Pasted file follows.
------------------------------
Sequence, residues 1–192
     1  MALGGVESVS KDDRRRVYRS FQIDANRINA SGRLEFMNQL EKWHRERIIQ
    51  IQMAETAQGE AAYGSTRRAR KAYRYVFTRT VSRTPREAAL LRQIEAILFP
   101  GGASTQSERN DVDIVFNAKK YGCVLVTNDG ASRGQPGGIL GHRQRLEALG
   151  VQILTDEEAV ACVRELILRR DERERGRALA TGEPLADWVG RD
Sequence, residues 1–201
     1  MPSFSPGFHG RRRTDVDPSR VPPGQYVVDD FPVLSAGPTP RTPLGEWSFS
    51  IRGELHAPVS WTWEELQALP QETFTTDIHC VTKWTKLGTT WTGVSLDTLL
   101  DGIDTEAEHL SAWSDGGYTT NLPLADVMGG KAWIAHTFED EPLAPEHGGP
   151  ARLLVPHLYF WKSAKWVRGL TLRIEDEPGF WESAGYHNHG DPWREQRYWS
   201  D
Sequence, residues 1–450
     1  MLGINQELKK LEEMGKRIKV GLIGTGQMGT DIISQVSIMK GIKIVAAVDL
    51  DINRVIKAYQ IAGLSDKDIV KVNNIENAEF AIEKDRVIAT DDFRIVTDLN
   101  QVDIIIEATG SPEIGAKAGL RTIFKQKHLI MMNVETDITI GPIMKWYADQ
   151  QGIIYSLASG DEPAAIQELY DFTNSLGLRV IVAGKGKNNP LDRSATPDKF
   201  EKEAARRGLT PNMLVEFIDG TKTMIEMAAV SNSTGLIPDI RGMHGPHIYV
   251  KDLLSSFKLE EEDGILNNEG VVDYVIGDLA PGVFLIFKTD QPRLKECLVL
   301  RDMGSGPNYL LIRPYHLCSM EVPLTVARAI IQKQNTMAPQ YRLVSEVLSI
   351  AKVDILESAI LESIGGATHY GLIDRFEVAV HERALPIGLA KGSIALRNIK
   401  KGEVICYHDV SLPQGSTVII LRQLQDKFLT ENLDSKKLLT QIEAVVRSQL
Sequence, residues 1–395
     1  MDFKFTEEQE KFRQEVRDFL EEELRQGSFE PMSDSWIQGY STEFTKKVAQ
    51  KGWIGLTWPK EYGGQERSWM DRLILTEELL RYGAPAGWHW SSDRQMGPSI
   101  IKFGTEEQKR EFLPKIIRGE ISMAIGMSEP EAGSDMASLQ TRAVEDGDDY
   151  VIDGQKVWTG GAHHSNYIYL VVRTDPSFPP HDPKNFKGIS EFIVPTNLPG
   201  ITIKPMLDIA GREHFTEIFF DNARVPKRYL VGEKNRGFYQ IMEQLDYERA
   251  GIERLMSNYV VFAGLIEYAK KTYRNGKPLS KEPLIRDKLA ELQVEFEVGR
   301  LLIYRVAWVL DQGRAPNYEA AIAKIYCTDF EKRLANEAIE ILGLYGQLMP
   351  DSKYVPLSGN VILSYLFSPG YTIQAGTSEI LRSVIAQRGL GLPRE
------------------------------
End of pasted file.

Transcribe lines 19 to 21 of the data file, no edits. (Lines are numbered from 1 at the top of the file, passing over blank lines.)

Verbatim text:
   301  RDMGSGPNYL LIRPYHLCSM EVPLTVARAI IQKQNTMAPQ YRLVSEVLSI
   351  AKVDILESAI LESIGGATHY GLIDRFEVAV HERALPIGLA KGSIALRNIK
   401  KGEVICYHDV SLPQGSTVII LRQLQDKFLT ENLDSKKLLT QIEAVVRSQL